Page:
Who, What, Why?
Enterprise uses of Immersive Environments and Virtual World technology for collaboration. As CTO of vComm Solutions and co-founder of Flying Island I'm particularly interested in the ways that collaborative 3D immersive environments might help bring dispersed teams together

Neil Canham
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View Article  The Power To Point - Why immersion can bring teams together
So Second Life Enterprise is launched, in beta at least (great moderation by Dusan Writer during the presentation too).  More about that soon, but here's what I think an audience unfamiliar with this stuff should have been told.  See, I've discovered that immersive environments are, erm, immersive.  Maybe I should back up a bit. During the recent crazy round of activity which has kept me away from the blog, I spent some time giving presentations using WebEx.  At the same time I got to give a presentation on Collaboration at the Beta Business Park conference in Second Life last week. I reflected on why it was that the WebEx presentations hadn't made me feel in anyway connected to the people I was presenting to, and how different that was to my experiences of presenting and collaborating in immersive environments.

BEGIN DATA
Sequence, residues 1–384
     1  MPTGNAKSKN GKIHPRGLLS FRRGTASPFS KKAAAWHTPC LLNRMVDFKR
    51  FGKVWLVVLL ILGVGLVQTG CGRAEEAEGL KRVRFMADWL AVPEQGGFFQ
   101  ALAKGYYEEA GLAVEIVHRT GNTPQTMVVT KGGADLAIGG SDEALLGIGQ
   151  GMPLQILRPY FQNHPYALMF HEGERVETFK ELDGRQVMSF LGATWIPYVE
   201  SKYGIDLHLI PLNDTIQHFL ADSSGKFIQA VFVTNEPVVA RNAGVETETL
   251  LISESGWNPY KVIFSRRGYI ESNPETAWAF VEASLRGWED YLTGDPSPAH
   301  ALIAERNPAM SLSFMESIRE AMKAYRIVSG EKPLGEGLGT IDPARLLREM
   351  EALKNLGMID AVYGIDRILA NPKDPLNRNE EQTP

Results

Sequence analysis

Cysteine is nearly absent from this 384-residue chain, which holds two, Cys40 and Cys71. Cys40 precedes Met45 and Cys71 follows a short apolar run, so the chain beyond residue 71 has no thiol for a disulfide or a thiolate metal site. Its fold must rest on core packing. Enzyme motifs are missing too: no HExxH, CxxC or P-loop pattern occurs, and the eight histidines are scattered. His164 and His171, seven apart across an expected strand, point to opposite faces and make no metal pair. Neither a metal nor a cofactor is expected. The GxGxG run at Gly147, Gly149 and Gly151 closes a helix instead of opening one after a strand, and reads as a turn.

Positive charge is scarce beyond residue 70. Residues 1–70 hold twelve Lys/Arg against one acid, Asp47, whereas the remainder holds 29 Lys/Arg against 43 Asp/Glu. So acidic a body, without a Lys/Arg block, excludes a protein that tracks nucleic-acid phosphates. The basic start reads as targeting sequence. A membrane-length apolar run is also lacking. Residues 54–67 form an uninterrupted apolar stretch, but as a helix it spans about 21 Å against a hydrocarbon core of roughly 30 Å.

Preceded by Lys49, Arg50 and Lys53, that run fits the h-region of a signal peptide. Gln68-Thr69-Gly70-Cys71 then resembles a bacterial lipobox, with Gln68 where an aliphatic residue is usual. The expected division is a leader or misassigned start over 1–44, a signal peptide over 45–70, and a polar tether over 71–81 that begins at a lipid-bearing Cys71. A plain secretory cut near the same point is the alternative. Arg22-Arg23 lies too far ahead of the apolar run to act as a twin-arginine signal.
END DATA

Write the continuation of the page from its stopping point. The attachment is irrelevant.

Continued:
Here's my thesis - WebEx feels less immersive, less like you are sharing a space with others than even a telephone call or IM chat.  In a phone call you create a kind of mental shared audio space (teleconferences often fail to achieve this, for me at least), and pure IM can do the same, some kind of shared mental dialogue space.  However, when you use something like WebEx to 'share' a desktop or give a presentation, you force yourself to be in your office interacting with the flat screen of the computer.  When I present using WebEx I have to fight the urge on every slide I present to say 'OK, I've changed the slide, can everyone see that?', and it's a natural urge because I get no confirmation that the magic broadcasting is actually taking place.  When I point at something on the slide, I don't feel like I'm pointing it out to the audience - I know logically that I am but I don't feel it.  Even if the presentation has a quality audio channel, this interaction with flat stuff on my flat screen in my office at my desk drags me out of my shared experience.  I'm going to suggest that if your aim is to make people feel closer, WebEx actually hinders rather than helps!  Presenting in a virtual environment like SL is totally the opposite.  The illusion of a shared space, of being together is so convincing, so powerful that I never used to check if everyone was seeing the slides or the movie or the web page - because "obviously" they are. It's utterly clear to me that when I use a pointer or even my avatars arm to point out something, I'm pointing it out to everyone. Why? Because to my foolish ape brain, we're all looking at the same screen in the same space!  Except of course we aren't, it is just an illusion and I should be checking at least at the start that everyone is having the same experience.  Indeed, the illusion is so strong that you don't have to be presenting anything, you can just 'be' together.  This "Togethering" is the essential quality that distinguishes the immersive environment - so if you want to do more than just transmit information, you want to actually keep a team bonded and whole, look beyond the WebEx and explore the power to point.